Renewable Energy Resources by John Twidell & Tony Weir

By Paul Gipe

Massive. That’s the first word that comes to mind when picking up the 600-page tome by John Twidell and Tony Weir. Of course the broad subject of renewable energy deserves the treatment and I can’t think of any better academic team to take on the task.

I’ve known John Twidell for decades now. He’s one of Britain’s renewables pioneers – and he has the scars to prove it. At one time Twidell owned or at least operated the abandoned WEG LS1 (Wind Energy Group Large Scale unit 1) on the Isle of Orkney. This was a behemoth of its day, a 60-meter, 3 MW two-bladed monster. Now that’s hard core.

Twidell edits the long-running, peer-reviewed Journal of Wind Engineering . (Wind Engineering is one of the few, if not only remaining peer-reviewed journals on wind energy.) He knows his stuff and the book shows it.

Intended as a text book for masters students in engineering and science, Renewable Energy Resources is chocked full of equations, diagrams, charts, and tables that will give anyone a thorough technical grounding in renewable energy. The book can also be a useful reference for practicing professionals and energy policy analysts who need quick access to the technical foundations of each technology.

As a textbook, each chapter includes problems for solutions. But unlike the old days when you had to order the key separately, Renewable Energy Resources includes the solutions as part of its extensive appendix.

Each chapter also includes a thorough bibliography and a list of journals, magazines, and web sites in English. While the latter is often not complete, it is a good starting place for finding additional information on the technology of choice.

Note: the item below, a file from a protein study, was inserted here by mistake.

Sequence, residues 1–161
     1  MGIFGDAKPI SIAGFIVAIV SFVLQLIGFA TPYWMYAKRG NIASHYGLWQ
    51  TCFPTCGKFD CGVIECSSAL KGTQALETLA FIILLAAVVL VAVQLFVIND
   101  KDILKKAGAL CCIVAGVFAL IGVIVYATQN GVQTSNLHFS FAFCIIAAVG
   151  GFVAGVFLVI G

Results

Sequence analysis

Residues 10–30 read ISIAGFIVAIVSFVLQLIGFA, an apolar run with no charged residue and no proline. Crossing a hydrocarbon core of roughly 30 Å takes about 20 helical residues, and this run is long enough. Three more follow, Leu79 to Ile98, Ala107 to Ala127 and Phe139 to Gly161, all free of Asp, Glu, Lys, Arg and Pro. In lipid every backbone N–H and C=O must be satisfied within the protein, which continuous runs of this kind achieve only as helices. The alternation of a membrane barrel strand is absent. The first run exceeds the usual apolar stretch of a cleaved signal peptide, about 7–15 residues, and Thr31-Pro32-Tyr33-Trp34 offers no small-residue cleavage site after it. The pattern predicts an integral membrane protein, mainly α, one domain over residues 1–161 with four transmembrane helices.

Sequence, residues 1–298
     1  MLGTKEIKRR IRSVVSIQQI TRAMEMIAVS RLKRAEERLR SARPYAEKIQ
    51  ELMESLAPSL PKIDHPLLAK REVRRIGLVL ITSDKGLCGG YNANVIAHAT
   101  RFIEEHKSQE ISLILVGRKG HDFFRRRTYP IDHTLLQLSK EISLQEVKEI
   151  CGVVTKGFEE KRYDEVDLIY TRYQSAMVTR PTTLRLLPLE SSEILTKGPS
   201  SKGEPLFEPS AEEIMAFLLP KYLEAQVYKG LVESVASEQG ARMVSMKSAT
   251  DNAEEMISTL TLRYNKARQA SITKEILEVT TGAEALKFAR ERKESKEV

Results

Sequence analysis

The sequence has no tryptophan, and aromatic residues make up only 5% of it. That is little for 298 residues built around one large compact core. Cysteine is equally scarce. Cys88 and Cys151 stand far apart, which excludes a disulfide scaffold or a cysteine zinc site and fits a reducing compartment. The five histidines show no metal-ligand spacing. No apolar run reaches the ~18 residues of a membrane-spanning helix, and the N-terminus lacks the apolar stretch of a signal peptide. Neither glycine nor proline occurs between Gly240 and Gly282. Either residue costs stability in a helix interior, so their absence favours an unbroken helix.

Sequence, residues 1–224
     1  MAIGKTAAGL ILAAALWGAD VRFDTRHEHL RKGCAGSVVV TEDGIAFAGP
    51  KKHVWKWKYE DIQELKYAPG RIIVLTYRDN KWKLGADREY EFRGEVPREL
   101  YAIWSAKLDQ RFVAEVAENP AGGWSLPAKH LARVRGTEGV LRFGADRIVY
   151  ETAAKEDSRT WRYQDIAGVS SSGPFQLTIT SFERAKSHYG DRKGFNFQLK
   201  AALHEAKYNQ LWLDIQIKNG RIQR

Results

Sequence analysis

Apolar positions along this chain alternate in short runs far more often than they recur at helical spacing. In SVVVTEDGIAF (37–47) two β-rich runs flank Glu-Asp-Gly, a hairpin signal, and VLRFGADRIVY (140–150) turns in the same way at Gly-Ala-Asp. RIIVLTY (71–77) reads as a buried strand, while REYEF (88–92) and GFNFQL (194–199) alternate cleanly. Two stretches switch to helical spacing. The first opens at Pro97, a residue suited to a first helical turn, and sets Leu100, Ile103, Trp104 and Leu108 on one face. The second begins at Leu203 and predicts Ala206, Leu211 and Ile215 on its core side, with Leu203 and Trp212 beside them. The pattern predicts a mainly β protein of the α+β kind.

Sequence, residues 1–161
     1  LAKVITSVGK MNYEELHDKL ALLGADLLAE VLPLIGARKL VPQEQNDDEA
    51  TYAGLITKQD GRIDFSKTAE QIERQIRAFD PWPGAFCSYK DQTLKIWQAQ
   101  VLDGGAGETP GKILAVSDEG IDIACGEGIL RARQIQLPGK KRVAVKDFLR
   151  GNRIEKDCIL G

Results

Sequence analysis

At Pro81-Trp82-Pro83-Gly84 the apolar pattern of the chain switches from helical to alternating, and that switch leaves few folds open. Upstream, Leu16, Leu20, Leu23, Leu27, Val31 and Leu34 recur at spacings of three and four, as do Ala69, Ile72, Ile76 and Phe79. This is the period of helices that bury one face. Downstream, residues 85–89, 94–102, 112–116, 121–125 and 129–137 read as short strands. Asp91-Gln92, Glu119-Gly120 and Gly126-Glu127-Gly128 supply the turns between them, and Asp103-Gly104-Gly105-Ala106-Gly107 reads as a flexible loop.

One weakness that is difficult for Anglophones to avoid is often to only reference background materials in English. Similarly, the examples cited are often in the Anglophone world: Britain, North America, Australia, and New Zealand. Though the fundamental physics of the technologies are universal in any language, the intellectual and development momentum has definitely shifted to Japan and Germany for photovoltaics, and to Germany and Denmark for wind energy.

Nevertheless, British academics and practicing engineers have been producing some genre leading works on renewable energy, notably the Wind Energy Handbook by Tony Burton, et al. Twidell and Weir are masters of their subject and join the ranks of accomplished authors who have made a powerful contribution to the field. Renewable Energy Resources is a superb reference work.

Renewable Energy Resources, Second Edition, John Twidell & Tony Weir, 2005, Taylor and Francis, paper, 601 pages, illustrations, index, 234×156, ISBN 0-419-25330-0, £29.99. For U.S. orders: phone 1-800-634-7064; for international orders, phone (561) 994-0555.




List of symbols

1 Principles of renewable energy

1.1 Introduction

1.2 Energy and sustainable development

1.3 Fundamentals

1.4 Scientific principles of renewable energy

1.5 Technical implications

1.6 Social implications



2 Essentials of fluid dynamics

2.1 Introduction

2.2 Conservation of energy: Bernoulli’s equation

2.3 Conservation of momentum

2.4 Viscosity

2.5 Turbulence

2.6 Friction in pipe flow

2.7 Lift and drag forces; fluid and turbine machinery



3 Heat transfer

3.1 Introduction

3.2 Heat circuit analysis and terminology

3.3 Conduction

3.4 Convection

3.5 Radiative heat transfer

3.6 Properties of ‘transparent’ materials

3.7 Heat transfer by mass transport

3.8 Multimode transfer and circuit analysis



4 Solar radiation

4.1 Introduction

4.2 Extraterrestrial solar radiation

4.3 Components of radiation